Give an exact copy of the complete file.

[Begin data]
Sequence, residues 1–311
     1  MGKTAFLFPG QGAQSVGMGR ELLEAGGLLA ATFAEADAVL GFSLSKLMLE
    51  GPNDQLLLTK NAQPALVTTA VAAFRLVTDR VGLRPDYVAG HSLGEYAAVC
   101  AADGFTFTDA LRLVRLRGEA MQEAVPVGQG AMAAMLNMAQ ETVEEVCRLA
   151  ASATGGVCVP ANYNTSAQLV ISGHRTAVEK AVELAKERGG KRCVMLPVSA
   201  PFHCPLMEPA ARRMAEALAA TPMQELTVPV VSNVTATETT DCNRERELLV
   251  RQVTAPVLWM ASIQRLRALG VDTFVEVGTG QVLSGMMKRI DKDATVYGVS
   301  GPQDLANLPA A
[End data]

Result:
Sequence, residues 1–311
     1  MGKTAFLFPG QGAQSVGMGR ELLEAGGLLA ATFAEADAVL GFSLSKLMLE
    51  GPNDQLLLTK NAQPALVTTA VAAFRLVTDR VGLRPDYVAG HSLGEYAAVC
   101  AADGFTFTDA LRLVRLRGEA MQEAVPVGQG AMAAMLNMAQ ETVEEVCRLA
   151  ASATGGVCVP ANYNTSAQLV ISGHRTAVEK AVELAKERGG KRCVMLPVSA
   201  PFHCPLMEPA ARRMAEALAA TPMQELTVPV VSNVTATETT DCNRERELLV
   251  RQVTAPVLWM ASIQRLRALG VDTFVEVGTG QVLSGMMKRI DKDATVYGVS
   301  GPQDLANLPA A